Degrees of Comparisons English Grade 2 | Orchids International School
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Describing Words

Concept: Degrees of Comparisons

Definition

  • Describing words are those words that give more information about the noun.
  • Describing words explain a noun by comparing it to another noun. Adjectives are used to make comparison between two or more nouns.
  • While making the comparison, the adjective mostly takes the ending ‘er’ or ‘est’ along with the word ‘than’ is used in such sentences.

Examples:

Smart art
ADJECTIVE COMPARATIVE SUPERLATIVE
Big Bigger Biggest
Tall Taller Tallest
Small Smaller Smallest
Hot Hotter Hottest

Comparative Degree

When two things or people are compared to each other, we use the comparative degree of an adjective by placing 'er' to the describing word along with the word than' in the sentence.

Examples:

Examples for comparative degree

Superlative Degree

A superlative degree talks about the lowest and the highest quality of the describing words.

Examples:

Examples for superlative degree

More about Comparative and Superlative Degree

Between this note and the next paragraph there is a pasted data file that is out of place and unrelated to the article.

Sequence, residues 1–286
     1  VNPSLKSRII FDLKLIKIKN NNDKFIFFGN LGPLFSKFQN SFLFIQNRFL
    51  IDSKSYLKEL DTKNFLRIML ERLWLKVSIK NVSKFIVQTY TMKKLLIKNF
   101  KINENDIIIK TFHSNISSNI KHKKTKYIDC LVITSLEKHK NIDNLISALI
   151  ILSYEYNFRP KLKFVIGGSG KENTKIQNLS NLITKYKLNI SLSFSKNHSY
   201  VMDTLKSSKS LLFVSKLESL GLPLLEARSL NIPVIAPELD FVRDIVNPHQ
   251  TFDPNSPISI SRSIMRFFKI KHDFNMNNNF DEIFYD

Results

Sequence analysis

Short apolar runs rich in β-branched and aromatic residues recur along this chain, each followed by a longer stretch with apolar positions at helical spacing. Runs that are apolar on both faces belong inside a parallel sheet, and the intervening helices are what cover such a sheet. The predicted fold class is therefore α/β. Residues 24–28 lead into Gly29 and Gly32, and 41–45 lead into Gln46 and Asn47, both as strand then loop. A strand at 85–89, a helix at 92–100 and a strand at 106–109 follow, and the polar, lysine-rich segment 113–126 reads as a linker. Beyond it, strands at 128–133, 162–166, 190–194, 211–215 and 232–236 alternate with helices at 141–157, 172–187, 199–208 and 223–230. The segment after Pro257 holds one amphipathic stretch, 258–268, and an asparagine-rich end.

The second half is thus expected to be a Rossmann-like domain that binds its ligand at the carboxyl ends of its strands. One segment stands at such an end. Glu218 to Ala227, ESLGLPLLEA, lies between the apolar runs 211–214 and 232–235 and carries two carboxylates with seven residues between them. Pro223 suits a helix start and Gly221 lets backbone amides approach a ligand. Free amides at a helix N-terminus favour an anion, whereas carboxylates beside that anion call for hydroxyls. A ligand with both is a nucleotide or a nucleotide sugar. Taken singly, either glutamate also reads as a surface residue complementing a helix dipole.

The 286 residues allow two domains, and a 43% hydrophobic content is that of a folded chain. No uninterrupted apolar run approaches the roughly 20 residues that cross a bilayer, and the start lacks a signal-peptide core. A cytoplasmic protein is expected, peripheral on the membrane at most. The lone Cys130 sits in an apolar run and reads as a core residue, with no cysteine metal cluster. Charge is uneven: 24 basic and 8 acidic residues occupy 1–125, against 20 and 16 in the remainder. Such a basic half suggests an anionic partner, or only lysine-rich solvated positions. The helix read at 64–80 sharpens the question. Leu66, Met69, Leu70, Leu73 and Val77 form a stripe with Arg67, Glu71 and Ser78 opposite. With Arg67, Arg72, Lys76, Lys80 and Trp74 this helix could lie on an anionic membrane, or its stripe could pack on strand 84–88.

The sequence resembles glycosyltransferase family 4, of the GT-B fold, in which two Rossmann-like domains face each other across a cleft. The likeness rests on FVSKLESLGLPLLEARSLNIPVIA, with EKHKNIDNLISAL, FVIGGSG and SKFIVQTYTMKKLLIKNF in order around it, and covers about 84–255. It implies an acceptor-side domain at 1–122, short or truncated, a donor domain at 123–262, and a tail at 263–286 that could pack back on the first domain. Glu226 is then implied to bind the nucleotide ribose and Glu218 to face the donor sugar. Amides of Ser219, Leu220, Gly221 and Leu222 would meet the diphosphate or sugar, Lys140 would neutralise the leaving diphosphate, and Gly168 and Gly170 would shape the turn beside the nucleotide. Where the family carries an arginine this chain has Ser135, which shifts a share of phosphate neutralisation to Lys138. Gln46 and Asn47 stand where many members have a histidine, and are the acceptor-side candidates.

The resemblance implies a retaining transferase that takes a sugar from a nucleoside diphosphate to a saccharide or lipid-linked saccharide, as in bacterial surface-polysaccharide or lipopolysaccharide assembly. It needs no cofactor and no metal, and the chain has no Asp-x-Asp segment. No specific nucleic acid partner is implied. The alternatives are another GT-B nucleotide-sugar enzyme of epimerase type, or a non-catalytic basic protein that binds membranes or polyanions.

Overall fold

1. Comparative degree is also used to describe how a particular thing or person changes. In such cases, we can use two comparatives along with the conjunction ‘and’.
  2. Examples:

    1. Petrol is becoming more and more expensive.
    2. The elastic just got longer and longer.
  3. Comparative degree is also used to show the quality of a thing in relation to another thing.
  4. Examples:

    1. Snehal ran faster than Jennifer in the race.
    2. Rohan was happier than Jade on that day.
  5. Always use ‘the’ before the superlative degree.

Superlative degree shows that the person, place or thing has the highest or the lowest quality in comparison to the rest of the group. When speaking about one particularly unique quality, ‘the’ is usually added before the superlative degree.

Examples:

  1. My lunch box is the smallest out of all.
  2. This mango tree is the tallest in the garden.

Exceptions

  1. Some words don’t take suffixes ‘er’ or ‘est’. They take ‘more’ or ‘most’ in the beginning while changing into comparative or the superlative degree.
  2. Examples:

    Example for exceptions
  3. Some words don’t take ‘er’ or ‘est’ and ‘more’ or ‘most’. The words change while making the comparison. So, don’t add suffixes like ‘er’, ‘est’, ‘more’, and ‘most’ to such words.

Examples:

Example for exceptions
Nature-1
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